Federal Study Shows An Increase in Vaping Among Teens

Federal researchers reported Monday that America’s teens recorded a dramatic increase in the use of vaping devices over the last year.

The 2018 Monitoring the Future survey says 37.3 percent of 12th-graders used a vaping device in the past 12 months, compared with 27.8 percent in 2017. The survey goes to a representative sample of eighth, 10th and 12th graders in schools nationwide.

Other findings:

  • High school seniors who reported vaping in the last 30 days climbed from 11 percent in 2017 to 20.9 percent in 2018.
  • Eighth-graders who say they vaped nicotine in the last year was 10.9 percent.
  • Twelfth-graders who reported vaping marijuana rose from 9.5 percent last year to 13.1 percent for 12th graders.

Dr. Nora D. Volkow, director of the National Institute on Drug Abuse, said teenagers are attracted to the technology and flavorings available in vaping devices.

She added teens need to know the possible effects of vaping on their health, the development of their brains and the potential for addiction.

Montgomery County Public Schools has been teaching students about vaping since 2014.

Cara Grant, the school system’s supervisor of health and physical education, describes what students are taught and the help they can receive:

The report also had these findings:

  • Only 3.6 percent of high school seniors smoke daily, the lowest point since the survey began measuring tobacco use. Two decades ago, the figure was 22.4 percent.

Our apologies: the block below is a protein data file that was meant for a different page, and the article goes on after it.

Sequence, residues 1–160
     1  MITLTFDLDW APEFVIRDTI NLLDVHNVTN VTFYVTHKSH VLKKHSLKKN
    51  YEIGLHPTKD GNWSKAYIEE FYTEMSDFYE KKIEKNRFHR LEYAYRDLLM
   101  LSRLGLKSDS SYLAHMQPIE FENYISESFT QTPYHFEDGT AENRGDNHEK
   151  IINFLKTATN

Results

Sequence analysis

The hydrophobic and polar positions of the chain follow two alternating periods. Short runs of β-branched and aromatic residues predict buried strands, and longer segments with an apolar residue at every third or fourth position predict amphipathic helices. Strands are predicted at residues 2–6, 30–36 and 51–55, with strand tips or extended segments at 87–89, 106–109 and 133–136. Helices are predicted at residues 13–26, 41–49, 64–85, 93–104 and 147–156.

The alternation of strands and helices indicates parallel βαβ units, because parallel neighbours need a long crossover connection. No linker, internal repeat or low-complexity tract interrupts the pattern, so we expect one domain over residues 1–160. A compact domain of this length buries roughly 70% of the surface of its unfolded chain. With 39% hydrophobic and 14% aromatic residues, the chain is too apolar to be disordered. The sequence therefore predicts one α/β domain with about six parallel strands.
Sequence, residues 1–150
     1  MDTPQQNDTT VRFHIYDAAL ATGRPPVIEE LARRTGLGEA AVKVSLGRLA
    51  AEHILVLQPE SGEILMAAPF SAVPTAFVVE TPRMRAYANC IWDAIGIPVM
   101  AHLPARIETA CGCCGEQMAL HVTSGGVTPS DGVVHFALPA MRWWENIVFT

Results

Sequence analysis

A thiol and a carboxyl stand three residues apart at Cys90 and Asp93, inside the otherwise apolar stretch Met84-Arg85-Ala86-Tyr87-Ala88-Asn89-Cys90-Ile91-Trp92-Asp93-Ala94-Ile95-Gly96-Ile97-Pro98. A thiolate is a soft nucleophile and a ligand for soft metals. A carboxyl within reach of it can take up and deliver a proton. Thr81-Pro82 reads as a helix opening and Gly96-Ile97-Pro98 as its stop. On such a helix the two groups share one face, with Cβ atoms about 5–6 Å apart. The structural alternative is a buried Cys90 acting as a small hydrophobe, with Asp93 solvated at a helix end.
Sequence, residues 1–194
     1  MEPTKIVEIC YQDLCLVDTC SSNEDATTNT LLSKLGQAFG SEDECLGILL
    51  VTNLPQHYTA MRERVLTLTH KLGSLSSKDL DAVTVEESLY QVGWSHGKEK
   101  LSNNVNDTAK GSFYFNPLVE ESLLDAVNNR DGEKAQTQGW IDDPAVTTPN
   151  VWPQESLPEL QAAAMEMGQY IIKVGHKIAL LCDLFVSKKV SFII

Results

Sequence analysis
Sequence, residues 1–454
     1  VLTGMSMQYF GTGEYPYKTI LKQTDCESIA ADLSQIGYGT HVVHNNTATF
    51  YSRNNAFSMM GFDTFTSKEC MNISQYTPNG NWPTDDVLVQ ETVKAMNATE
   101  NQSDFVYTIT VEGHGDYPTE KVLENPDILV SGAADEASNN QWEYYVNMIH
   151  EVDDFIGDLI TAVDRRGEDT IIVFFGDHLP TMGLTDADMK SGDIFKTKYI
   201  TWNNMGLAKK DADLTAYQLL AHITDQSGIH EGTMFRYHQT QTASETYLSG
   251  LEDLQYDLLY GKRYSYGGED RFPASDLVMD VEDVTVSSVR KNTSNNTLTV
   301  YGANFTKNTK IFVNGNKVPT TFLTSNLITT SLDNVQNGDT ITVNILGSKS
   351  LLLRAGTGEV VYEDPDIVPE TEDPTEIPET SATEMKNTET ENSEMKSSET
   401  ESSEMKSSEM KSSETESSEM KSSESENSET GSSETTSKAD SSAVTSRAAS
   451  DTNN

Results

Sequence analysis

• Teenage misuse of prescription opioids is at 3.4 percent, a decline from 4.2 percent in 2017.
  • Heroin use remained low. Only 0.4 percent of 12th-graders reporting using heroin in the past year.
  • About 5.8 percent of 12th-graders use marijuana daily.
  • Teen drinking has declined. The latest survey said 17.5 percent of 12th-graders reported they have been drunk in the past 30 days. Five years ago, the figure was 26 percent.

The survey questioned 44,482 students from 392 public and private schools. For more information on the MTF Survey, visit www.drugabuse.gov/drugpages/MTF.html.

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Douglas Tallman

About Douglas Tallman

Reporter with 35 years experience throughout Maryland. Reach me at dtallman@mymcmedia.org or via Twitter at @MCM-Doug


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